As you can see it made a mistake with the character “7” and guessed it to be a “?”.

The positioning of the characters would be VERY hard to guess unless you have an amazing talent for imagining pixels in your head.

Luckily there are some tools available to help you with this step.

The only tool that i found to work and/or to be useful is jTessboxeditor.

You can get it here:

Correct the characters that were wrong, and make sure that the surrounding boxes fit the entire characters and in place. If not — correct the values on the top row.

Once you are happy and done, press save and move on to the next file.

5. Training time

Now that you have some good boxes its time to start the actual training of the scanner.

For each of your TIF/Box pairs, run the following command

tesseract [language].[fontname].exp[samplenumber].tif [language].[fontname].exp[samplenumber] box.train


tesseract eng.strangelabelmachinefont.exp0.tif eng.strangelabelmachinefont.exp0 box.train

6. Create the unicharset file

Run the unicharset_extractor with each of the boxes as a parameter


You will probably not need to edit this file, unless you are on some strange old system like windows 95.

7. Create the font_properties file

Create a new file and name it lang.font_properties.

In this file, create a row for each font you are using in your training files.

If you are like me, trying to scan a receipt or label with a strange unknown font, you will likely just need one row.

Each row starts with the name of the font, then it will have a boolean value for each of the possible font properties.

<fontname> <italic> <bold> <fixed> <serif> <fraktur>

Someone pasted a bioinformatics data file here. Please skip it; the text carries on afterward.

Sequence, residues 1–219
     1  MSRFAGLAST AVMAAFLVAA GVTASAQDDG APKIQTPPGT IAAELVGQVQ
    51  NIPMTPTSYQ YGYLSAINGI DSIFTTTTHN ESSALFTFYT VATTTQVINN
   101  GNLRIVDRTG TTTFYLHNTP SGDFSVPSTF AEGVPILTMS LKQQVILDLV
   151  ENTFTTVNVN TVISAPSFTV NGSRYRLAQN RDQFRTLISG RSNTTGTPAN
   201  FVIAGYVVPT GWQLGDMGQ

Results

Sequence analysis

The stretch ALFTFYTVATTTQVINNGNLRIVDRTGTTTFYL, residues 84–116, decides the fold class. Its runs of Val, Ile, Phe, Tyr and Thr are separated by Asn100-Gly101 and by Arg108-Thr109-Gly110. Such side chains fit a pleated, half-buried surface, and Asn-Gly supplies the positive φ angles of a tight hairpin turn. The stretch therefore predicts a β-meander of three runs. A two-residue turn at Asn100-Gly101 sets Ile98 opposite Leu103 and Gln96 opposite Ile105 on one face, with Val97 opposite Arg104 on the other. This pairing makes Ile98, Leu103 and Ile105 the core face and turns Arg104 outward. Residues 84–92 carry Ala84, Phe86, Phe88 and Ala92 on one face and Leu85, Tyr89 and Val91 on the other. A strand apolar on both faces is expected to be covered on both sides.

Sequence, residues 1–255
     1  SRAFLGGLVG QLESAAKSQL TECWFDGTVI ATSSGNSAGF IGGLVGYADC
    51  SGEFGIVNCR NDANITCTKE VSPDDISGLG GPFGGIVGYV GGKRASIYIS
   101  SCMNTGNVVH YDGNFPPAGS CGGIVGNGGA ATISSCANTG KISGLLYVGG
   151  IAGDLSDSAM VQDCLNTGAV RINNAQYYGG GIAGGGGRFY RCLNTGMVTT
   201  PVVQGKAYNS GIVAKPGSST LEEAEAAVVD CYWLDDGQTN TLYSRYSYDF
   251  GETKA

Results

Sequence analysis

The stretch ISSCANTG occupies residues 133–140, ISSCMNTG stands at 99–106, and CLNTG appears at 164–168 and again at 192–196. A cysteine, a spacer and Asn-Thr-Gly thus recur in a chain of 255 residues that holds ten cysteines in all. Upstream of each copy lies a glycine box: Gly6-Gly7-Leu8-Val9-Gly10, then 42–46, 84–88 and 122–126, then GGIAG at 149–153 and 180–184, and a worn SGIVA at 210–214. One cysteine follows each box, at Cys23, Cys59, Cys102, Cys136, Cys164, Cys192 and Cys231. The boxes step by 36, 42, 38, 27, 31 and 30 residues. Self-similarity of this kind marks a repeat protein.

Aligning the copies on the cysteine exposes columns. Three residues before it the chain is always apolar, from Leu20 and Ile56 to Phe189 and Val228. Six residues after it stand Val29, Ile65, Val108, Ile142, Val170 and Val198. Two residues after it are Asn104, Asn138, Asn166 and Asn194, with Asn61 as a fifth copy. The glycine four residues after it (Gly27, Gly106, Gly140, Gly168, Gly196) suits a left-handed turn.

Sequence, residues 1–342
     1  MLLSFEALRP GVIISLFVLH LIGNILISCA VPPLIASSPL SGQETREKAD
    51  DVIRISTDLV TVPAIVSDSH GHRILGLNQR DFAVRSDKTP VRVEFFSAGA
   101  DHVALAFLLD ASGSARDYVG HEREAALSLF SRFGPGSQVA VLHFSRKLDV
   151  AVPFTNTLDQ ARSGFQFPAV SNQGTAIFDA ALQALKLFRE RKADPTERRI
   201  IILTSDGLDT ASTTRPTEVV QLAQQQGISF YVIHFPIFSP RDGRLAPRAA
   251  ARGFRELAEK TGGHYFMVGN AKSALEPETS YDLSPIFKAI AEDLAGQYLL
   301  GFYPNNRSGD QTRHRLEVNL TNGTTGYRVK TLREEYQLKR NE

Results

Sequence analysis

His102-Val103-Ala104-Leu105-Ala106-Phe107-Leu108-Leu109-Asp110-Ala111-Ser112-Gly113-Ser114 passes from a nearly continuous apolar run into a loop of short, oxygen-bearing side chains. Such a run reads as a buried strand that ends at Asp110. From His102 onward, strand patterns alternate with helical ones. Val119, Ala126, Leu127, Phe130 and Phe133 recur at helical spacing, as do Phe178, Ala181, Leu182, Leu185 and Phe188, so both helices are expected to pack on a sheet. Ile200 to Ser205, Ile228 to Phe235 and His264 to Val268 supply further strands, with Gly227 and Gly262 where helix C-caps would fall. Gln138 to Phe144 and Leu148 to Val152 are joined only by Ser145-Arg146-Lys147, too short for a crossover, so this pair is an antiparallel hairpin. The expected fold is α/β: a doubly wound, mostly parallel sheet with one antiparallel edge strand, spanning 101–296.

somestrangelabelmachinefont 0 0 1 0 0

Important — Make sure to add an extra line break at the end of the file.

8. Clustering

Time to cluster all the features of the trained font.

Enter the following in the terminal:

shapeclustering -F font_properties –U unicharset [language].[fontname] [language].[fontname]…

9. Shapetable

Enter the following in the terminal:

mftraining -F font_properties –U unicharset [language].[fontname] [language].[fontname]…

10. Normproto

Enter the following in the terminal:

cntraining [language].[fontname] [language].[fontname]…

11. unicharambigs

This file is manually created, and is supposed to have a list of commonly mistaken characters and what to substitute when.

If you need it, please read the official manual, for training to scan a code it is usually not neccesary to put anything in it.

The file however needs to be there, so go ahead and create it and name it


Put in ”v1” at the first row if you are using an older version of Tesseract for some reason, and ”v2” if you are running version 3.03 or higher.

Also put in a blank line at the end of the file

12. Wrappin everything up

Now you’re good to go ahead and create the final training file that will be used in your app unless you had ANY errors prior to this step. (You did read the warning in the beginning of the document, right?)

If you take a look now in your folder with the trained data, it will contain lots of new files, rename each one of them that doesn’t have a language prefix so they do have that.


Then run the final command

combine_tessdata lang.

Do NOT leave out the dot in the end of the language name.

Now grab that smoking fresh baked traineddata file and put it in your project.


Useful Links

Official guide :


Apegroup — Behind the Screens

Thoughts, learnings and opinions from a digital product studio in Sweden who deliver world-class design, technology and communication.

Thanks to Jonas Wikström

Mattias Henell

Written by

Developer, apegroup AB Stockholm

Apegroup — Behind the Screens

Thoughts, learnings and opinions from a digital product studio in Sweden who deliver world-class design, technology and communication.